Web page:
I could go on, but the main point is that I, and I imagine most readers, would find a critique of cryptocurrencies to be more compelling were it written by someone who does not, apparently, worship at the fiat alter.

      1. Tinky

        The conversation, as framed by the author, is more about money than currencies. The author himself provides these characteristics of what “money” is needed for:

        “facilitating transactions;
        a store of value;
        lending of last resort.”

        Gold can satisfy all three, and has proven vastly superior to fiat currencies as a store of value over time.

        1. paulmeli

          Gold can satisfy all three, and has proven vastly superior to fiat currencies as a store of value over time.

          I read somewhere, Barry Ritholz I think, that Treasuries have out=performed gold over the last 50 years (adjusted for inflation), as well as the S&P 500.

        2. Skip Intro

          Gold is scarce, and that scarcity makes it impractical/unsuitable for #1, ‘facilitating transactions’ since the volume of transactions in the economy is limited to the volume of gold, not to mention the challenges inherent in transferring large sums in the form of very heavy metal.

          Are you suggesting that the currency from China or the ECB can be exchanged for some face-value of gold metal? If not, what is the relevance of the form of assets listed by these central banks.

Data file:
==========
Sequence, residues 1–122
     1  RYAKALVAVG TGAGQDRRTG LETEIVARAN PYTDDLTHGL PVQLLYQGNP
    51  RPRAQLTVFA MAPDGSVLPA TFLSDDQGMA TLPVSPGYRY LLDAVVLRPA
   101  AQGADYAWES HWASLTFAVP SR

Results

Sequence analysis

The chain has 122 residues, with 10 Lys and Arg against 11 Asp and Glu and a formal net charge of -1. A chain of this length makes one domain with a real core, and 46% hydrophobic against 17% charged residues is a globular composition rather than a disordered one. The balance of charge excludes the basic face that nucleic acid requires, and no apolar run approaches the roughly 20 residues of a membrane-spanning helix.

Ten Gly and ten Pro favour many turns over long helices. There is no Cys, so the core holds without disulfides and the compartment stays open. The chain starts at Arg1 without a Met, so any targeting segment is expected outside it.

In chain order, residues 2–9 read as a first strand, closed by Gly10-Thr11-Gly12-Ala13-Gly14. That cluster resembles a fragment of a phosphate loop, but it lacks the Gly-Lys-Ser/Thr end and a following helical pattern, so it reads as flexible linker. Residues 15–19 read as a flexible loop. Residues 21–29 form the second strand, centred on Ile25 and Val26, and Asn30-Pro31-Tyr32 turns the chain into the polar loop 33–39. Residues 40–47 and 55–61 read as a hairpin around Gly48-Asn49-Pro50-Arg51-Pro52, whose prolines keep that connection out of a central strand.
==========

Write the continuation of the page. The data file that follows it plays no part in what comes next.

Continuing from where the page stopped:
1. Mel

            China has been buying lots of gold for the last few years. Actual gold, not futures or contracts. Some of the central Asian nations along the new silk road produce gold, so they wouldn’t feel disadvantaged if trade along the new road were denominated in some new gold currency.

              1. Wukchumni

                Most Americans aren’t aware of the multiple currencies that existed during the ‘gold standard’. Only Silver and Gold Certificates were backed by metal, not so with Federal Reserve Notes, National Currency, Legal Tender Notes, United States Notes, U.S. Treasury Notes, and a few other short lived varieties.

                1. Mike Smitka

                  I have a 1723 Japanese warehouse receipt, with a stated value of 3 momme, that I take into class as an example of “money” because that is what it was – those holding it had no interest in the putative underlying goods. My local antique shop has “bank notes” from various defunct (local) financial institutions. Good, as long as you were local, and until they weren’t…that “recent unpleasantness” thing that affected the US South.

                  Money is a social creation, extraordinarily useful, but “backed by” is a social perception because few issuers have every held 100% reserves.

                  Cf. a 2013 blog post of mine Beanie Babies for Billionaires. I add a bit of value, but also missed some things. Anyway, it’s not news that bitcoin isn’t money. And this post does a nice job of lining up the reasons why you should stay away from bitcoin, unless you’re into gambling.